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Everything You Ever Wanted To Know About Your Home's Roof And More!

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A home is one of the biggest investments most people will ever make, and the roof is a large portion of that investment. In fact, according to Angie's List, the average cost for a replacement roof is between $4,900 and $14,100. Given the fact that most homeowners do not have this type of cash just sitting around, it would make sense that knowing everything you can about your roof is key to being prepared for such a big expense.

How Long Do Roofs Last?

How long a roof lasts depends on the material chosen. Slate roofs, used by homeowners for centuries, can last 50 years or more, while asphalt shingles last about 20 years. Obviously, the fact that slate is an actual stone helps it stand up to the test of time and the elements better than a composite material like asphalt shingles.

Also, asphalt shingles come in a variety of quality grades, some lasting longer than others. When purchasing shingles, you will often see two shingles that look quite similar, yet that are priced very differently. The more expensive version is probably of a higher quality and, likely, comes with a longer warranty. Which version you should buy for your home depends on your finances and how long you expect to live in the home.

What Affects the Life Expectancy of Asphalt Shingles

Asphalt shingles' single biggest threat is the weather. Mother Nature likes to wreak havoc on your roof in a variety of ways, each more insidious than the next. In the summer, the sun spends time attacking your roof with its UV rays. Over the months and years, the UV rays wear down your roof and decrease its efficiency. In the fall, strong winds can push a roof to its limits. The International Building Code requires that shingles stay put in winds up to 110 mph. If yours do not, you need to call a professional for a closer look.

Winter is one of the worst times for your roof. Between the heavy snow loads that your roof must support and the damaging ice storms that can weigh down trees and other structures, your roof has its work cut out for it. This turbulent time is followed closely by spring with its heavy rains and wild temperature swings.

Finally, the life expectancy of a roof can also be diminished if the previous installers did a subpar job. Only a properly installed roof will live up to its full potential.

How to Check on the Health of Your Current Roof

Of course, the only way to know the health of your roof is to actually take a look at it. You can do this from the ground by walking the perimeter of your home. You are looking for broken pieces of shingles hidden in the foundation plantings, which would indicate that your shingles are growing brittle with age. When shingles are first installed, they are pliable and soft so they can conform to the shape of your roof. As they age, they harden and eventually break.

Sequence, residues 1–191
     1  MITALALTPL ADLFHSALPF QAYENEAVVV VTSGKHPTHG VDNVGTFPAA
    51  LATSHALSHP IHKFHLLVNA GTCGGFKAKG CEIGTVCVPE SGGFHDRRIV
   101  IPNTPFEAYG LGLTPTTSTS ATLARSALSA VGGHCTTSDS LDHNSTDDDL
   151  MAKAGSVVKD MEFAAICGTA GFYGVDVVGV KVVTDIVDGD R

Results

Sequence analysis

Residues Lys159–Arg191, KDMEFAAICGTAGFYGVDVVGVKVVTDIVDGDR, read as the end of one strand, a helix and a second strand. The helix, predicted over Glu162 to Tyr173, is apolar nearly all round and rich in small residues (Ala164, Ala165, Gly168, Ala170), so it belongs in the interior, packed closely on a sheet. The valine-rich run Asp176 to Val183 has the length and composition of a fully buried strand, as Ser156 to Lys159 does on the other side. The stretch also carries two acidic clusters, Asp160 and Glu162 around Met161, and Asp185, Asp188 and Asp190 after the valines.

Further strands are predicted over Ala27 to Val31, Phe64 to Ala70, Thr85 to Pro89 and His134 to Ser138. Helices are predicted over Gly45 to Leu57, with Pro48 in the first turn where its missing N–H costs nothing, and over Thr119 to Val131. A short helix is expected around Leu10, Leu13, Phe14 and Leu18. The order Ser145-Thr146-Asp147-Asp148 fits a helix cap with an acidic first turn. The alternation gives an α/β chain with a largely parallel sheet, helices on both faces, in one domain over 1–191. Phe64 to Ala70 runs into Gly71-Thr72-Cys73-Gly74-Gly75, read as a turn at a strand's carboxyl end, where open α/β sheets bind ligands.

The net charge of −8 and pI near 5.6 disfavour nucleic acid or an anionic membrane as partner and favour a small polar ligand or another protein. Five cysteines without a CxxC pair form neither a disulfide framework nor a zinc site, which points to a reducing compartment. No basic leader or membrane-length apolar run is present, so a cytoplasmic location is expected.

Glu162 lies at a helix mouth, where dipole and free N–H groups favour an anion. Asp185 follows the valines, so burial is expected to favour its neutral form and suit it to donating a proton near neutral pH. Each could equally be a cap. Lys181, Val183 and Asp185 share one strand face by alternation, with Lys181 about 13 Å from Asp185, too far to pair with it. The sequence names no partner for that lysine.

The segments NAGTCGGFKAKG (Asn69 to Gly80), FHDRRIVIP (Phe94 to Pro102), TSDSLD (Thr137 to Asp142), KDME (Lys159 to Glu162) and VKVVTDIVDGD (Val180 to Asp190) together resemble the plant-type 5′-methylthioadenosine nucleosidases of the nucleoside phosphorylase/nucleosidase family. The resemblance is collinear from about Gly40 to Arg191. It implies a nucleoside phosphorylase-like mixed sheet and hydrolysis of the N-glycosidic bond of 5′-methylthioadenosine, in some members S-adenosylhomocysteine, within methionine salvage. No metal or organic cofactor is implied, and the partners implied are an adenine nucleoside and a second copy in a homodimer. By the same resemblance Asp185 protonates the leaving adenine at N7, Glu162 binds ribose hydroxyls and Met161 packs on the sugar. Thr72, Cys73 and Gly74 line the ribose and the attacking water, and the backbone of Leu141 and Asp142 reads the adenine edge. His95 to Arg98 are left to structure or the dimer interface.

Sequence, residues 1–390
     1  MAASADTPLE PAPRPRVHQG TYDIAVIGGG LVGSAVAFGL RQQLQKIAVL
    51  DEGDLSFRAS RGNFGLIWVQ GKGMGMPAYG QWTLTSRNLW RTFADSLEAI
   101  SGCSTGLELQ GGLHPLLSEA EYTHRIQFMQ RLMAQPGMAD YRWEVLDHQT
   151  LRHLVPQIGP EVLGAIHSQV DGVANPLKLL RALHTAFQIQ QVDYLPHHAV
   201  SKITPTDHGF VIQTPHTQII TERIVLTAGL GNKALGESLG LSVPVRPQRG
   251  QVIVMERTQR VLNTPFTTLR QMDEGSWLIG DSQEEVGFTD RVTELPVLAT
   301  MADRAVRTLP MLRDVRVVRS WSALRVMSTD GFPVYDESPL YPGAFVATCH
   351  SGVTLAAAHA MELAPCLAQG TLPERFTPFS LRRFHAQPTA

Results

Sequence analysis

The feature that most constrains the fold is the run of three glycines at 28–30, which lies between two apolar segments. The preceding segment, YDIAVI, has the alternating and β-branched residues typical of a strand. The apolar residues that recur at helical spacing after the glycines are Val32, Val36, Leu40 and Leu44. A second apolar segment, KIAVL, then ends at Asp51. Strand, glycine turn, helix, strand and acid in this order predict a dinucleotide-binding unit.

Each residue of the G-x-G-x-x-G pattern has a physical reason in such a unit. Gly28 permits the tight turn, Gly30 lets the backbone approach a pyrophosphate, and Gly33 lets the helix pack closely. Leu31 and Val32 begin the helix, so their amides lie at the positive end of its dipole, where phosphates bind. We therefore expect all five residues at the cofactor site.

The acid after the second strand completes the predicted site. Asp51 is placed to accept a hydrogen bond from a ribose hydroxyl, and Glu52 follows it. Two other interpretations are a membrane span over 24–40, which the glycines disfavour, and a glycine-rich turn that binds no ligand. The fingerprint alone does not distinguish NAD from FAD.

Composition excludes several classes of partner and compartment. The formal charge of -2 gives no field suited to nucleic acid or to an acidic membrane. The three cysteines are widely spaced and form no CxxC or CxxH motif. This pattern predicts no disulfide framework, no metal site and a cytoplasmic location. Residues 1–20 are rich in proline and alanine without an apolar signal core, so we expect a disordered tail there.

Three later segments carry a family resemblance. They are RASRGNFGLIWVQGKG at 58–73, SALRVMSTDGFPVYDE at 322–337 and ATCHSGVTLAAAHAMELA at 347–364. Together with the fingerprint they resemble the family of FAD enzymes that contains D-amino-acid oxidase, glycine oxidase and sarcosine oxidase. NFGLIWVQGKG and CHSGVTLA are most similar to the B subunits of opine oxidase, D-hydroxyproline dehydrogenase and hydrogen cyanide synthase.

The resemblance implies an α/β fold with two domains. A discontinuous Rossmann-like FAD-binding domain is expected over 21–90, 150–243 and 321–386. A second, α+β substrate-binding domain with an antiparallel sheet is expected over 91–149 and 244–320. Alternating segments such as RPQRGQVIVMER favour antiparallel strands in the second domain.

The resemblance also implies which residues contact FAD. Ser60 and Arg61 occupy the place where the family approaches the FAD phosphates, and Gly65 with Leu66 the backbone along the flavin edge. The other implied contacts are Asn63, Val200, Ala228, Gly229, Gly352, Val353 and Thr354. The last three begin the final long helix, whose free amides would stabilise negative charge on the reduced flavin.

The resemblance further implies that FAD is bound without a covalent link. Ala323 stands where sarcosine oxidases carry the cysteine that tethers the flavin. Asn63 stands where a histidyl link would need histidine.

You are also looking for a gravel-like substance in the splash guards, the cement cache basins where the water from your home's gutter system empties. Asphalt shingles start their life with a gravely surface, which helps protect them from most of what Mother Nature throws at them. Over time, however, this gravely surface wears off and is washed into your home's gutters and down into those splash guards.

Could You Have Water Damage from Older Shingles

There are multiple ways to check for water damage. If you are outside your home, climb onto your roof and take a walk around. You are looking for any holes in your roof as well as any soft spots in it. There is a layer of plywood underneath the shingles that should provide a sturdy surface to walk on. If it feels loose, soft, or bouncy underfoot, chances are high that it has some water damage.

If you are inside, you can head up to your attic. As the underside of your roof, your attic's ceiling may hold some clues to potential water damage in your home. First, look into the space without the lights on. If you see any pinpoints of light, it may be a tiny hole in your roof that is letting the sunshine in. Sadly, if the sun can get in, so can water.

Next, turn on the lights and look for standing water, damp insulation, wet drywall, and dark stains on the wood, which would indicate previous water damage.

Mold: What You Need to Know

When water has entered your home, you have suddenly transitioned from a needing-a-new-roof issue to a fighting-mold issue. In fact, the EPA (Environmental Protection Agency) states that mold can grow in as little as 48 hours after water enters the home. It must be removed and the area dried immediately. After you have dealt with the water cleanup, you need to call a professional roofer and get your roof prepared before more water comes in the same entry point.

If you do not know how long the water has been sitting or if you already see black mold growing, you can do one of two things. If the spot is small, you can remove all the surrounding material (insulation, drywall) and clean the area with bleach, allowing it to dry thoroughly before making any repairs. If the area is large or if you are not comfortable with this step, you need to call a mold remediation company. Whichever method you use to clean the mold, you need to act quickly and repair the roof as soon as it is complete.

Your home's roof is an expensive item to ignore. Its sole job is to protect your family, your belongings, and your home itself from the elements. Taking the time to understand it and to monitor its health is a good investment. Contact a residential roofing company for more information.


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